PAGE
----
Tuesday, January 21, 2020

Draft Prospects to Watch in the 2020 Senior Bowl

Photo: Senior Bowl

Senior Bowl week has arrived, which means draft season is officially here! Daniel House has a list of prospects you should watch closely! 

by: Daniel House (@DanielHouseNFL)

Senior Bowl week has arrived, which means draft season is officially here. Every January, a trip to Mobile allows talent evaluators to watch prospects in drills. During the Senior Bowl, scouts also meet with players to learn about their personalities and backgrounds. The week culminates with a game on Saturday afternoon at Ladd-Peebles Stadium.

As the North and South teams square off, I pulled out several prospects I'll be watching closely:

Javon Kinlaw, DT - South Carolina 

Everyone at the Senior Bowl will have their eyes on South Carolina defensive tackle Javon Kinlaw. When firing up his film, it’s easy to notice his explosiveness and power. He often wins with physicality and a simple bull-rush. At 6-foot-5, 315 pounds, Kinlaw is blazing fast off the snap and becomes deadly when he gets his long arms (34 5/8" arms and 84" wingspan) extended. There are so many reps where he backs up an interior offensive lineman at the snap. When he deploys a push-pull, he extends and violently uses his power to shed. Kinlaw’s explosiveness will allow him to play multiple alignments, including three and five-techniques. If he gets into the right system to develop his technique, Kinlaw has the chance to be a really special player. There are a few reps where he gets tall, which causes him to lose all of his power, leverage and explosiveness. He also has room to improve his hand striking and placement in the NFL. I plan to break down every aspect of his game in a future film breakdown.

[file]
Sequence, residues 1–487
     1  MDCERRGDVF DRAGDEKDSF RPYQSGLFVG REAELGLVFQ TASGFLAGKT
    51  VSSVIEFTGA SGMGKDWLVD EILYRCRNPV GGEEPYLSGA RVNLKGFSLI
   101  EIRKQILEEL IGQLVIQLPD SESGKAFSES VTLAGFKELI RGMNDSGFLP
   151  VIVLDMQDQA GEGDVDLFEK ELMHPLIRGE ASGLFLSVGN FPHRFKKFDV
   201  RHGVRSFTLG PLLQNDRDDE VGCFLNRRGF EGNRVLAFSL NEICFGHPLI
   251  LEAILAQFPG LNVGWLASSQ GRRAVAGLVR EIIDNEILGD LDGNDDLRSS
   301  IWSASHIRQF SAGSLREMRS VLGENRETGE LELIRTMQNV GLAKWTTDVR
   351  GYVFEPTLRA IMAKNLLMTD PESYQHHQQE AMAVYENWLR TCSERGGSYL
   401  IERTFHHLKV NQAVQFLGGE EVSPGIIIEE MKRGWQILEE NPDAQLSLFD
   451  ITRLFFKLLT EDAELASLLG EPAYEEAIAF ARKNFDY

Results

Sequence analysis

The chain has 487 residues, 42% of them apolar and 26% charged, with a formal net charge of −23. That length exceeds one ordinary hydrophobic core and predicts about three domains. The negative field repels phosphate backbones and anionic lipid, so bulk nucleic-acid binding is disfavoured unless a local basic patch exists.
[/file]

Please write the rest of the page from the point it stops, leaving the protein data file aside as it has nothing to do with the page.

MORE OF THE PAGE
Kinlaw could develop into a deadly weapon as a three-technique defensive tackle. He didn’t necessarily need to improve his stock at the Senior Bowl, but wanted to compete against top prospects. Due to his playmaking skills and upside, he has the chance to be a top-15 pick in the NFL Draft. It would be a dream come true for Kinlaw, who overcame homelessness to reach this point. 

During his Senior Bowl press conference, Kinlaw talked about growing up homeless and overcoming those challenges.
Kinlaw will be one of the most electrifying players to watch in 1-on-1 drills. He would fit perfectly as a 3-technique in the Vikings' defensive scheme. However, he will likely be selected in the top-15 -- far before Minnesota's first round selection (No. 25).

Reggie Robinson II, CB - Tulsa

While studying college football, it's always fun to find a sleeper prospect. When I watched Tulsa games this year, I was drawn to cornerback Reggie Robinson II. He is a very physical press-style cornerback and jams wide receivers hard at the line of scrimmage. There aren't many reps where he isn't pressing an opposing pass catcher. It's what really drew me to him while watching Tulsa. Robinson is smooth when moving from his backpedal to opening his hips. He stayed very tight to wide receivers and got his hands into passing lanes. Robinson was a standout track athlete in high school and holds the Cleburne High School (TX) record in the 100-meter dash (10.68). He has some explosiveness and moves really well. The biggest things that stand out with Robinson are his physicality and length (6-foot-1 with long arms). In 2019, he posted 13 pass breakups and four interceptions, including one where he dropped into zone and fooled the quarterback (second Tulane INT below).